Educational consultant, Julia Atkin, discusses the process of leading e-learning in a school. She explains the importance of creating a shared vision, developing a vision that reflects the competencies students need to develop, and the importance of identifying the staff's educational needs to ensure the vision can be put into practice.
What I’d like to do is actually draw on two threads. One is really about well how do we go about doing our thinking about e-learning and leading our work around e-learning and the other one is more about leadership itself.
I’m going to start with the leadership itself because until I get that bit right I don’t think the process around re-visioning e-learning is really going to work.
Basically for me leadership has two really key aspects. One of those is transactional. It’s all about what we do in leadership, in getting things done and maintaining and it’s really management. The other one is all around transformation. The interesting thing about that bit is it’s really hard for us to put our attention on it and value it. We’re so busy getting things done.
So when you start to think about, thinking about that in relation to e-learning the danger is that someone will sit in the backroom and write up the vision for e-learning. Now if you do that without involving the staff you’re going to make no difference at all.
What would it be like if we actually attended to the transformational side of leadership in relation to e-learning? For me the key first question is, being clear about what your school vision is. Why are you educating these young people? And what’s the nature of the world that they’re being educated for and if you’ve got those two questions clearly looked at, thought about, then the question is, well, where does e-learning fit into this? And why would we want e-learning?
Now for me, and I’m coming from my own vision, I guess, that when I think about the nature of the 21st Century what the requirements are of educating young people of this world is we want adaptable, creative, responsive kids and kids who are actually really able to manage themselves and direct their own work.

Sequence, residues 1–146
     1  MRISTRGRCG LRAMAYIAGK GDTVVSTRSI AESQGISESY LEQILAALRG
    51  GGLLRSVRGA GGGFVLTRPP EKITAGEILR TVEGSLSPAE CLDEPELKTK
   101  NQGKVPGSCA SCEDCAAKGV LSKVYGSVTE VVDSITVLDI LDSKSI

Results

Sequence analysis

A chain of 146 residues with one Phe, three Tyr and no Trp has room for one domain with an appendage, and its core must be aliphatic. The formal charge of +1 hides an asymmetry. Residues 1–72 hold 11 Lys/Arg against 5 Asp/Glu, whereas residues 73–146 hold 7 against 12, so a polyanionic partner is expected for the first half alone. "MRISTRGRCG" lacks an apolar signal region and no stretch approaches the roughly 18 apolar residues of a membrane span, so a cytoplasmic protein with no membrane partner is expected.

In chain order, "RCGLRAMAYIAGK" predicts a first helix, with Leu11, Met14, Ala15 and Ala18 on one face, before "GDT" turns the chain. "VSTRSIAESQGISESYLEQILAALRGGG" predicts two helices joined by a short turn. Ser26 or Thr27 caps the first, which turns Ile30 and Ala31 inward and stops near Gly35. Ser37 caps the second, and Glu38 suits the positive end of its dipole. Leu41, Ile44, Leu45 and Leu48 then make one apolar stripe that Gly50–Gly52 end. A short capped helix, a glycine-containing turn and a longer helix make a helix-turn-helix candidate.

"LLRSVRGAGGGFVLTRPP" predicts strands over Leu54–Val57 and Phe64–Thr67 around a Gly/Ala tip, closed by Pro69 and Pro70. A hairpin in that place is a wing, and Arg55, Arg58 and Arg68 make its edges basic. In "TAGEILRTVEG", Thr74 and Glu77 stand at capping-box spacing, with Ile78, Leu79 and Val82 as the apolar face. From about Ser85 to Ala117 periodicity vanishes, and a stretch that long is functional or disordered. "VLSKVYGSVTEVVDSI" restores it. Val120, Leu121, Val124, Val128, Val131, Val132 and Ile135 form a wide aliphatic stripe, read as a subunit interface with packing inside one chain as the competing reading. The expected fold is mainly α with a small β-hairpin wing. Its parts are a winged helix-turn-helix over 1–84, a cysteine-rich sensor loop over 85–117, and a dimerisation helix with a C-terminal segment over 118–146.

If I think about that as the context and a really brief way of talking about the context let’s think about then, well why would we want e-learning?
You know, what, you know, within that sort of vision and context, how would your staff answer – Why e-learning? And to really think about that, come up with your own answer as to why e-learning and what’s e-learning look like? If it’s e-learning, what is that? And how does that actually help us develop young people with the capabilities they need for the 21st century? Not just a vehicle for learning but a vehicle for being a learner for the 21st Century.
Okay, so if we’re thinking about big questions you need to ask but then it’s all very well we might answer those questions but how do we actually go on the journey to move from where we are to what it is we may want the role that e-learning may play in the school? Um one of the really key things is to think about the whole system because in a situation like this what you’ve got probably is a lot of cases where the staff may not feel comfortable about it so in a sense, what is it that they need to learn? What’s their curriculum for e-learning? Meaning, how am I going to help the staff learn what’s needed in order for them to be able to facilitate that, get the worth out of it? Um design it, allow the kids to be free, so what is the staff learning I need to think about? It’s also about acknowledging that we need to meet the staff where they are and actually give them the small steps that are going to make this achievable for them and to be thinking more about allowing them to define what learning they need to do and um, and what support they need to do that learning, and rather than us saying ok, here’s the blueprint, we’re going to have to do X, Y, Z and by now we’re going to have that how do I acknowledge the system itself? And help nurture the growth of each of the staff members?
That one to me is more challenging than worrying about the students because they will eat it up. It’s their world. Another process that I, I’ve found key when I’m thinking about how I help teachers develop and staff develop is, is actually, really, about how I help them imagine the possibilities. One of the things, and neuroscience is showing this really clearly, that we can’t do what we can’t imagine. So sometimes when people seem resistant, the resistance is often because they don’t even know what it is that we’re trying to do. One way of sparking that is to look for exemplars. Where are there examples of, of work going on in e-learning that actually can inspire your staff and help you imagine what’s possible. So looking at other examples, looking at other schools, um, sharing what you can find on the net, any of those ways to look at what the possibilities are will help you take a vision into actuality.